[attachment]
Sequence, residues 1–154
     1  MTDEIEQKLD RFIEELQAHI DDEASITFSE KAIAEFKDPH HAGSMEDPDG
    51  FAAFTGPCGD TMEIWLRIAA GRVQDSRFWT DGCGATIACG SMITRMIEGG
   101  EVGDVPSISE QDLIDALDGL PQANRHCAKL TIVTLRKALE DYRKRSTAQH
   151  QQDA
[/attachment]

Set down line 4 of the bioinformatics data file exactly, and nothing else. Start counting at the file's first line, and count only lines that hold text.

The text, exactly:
   101  EVGDVPSISE QDLIDALDGL PQANRHCAKL TIVTLRKALE DYRKRSTAQH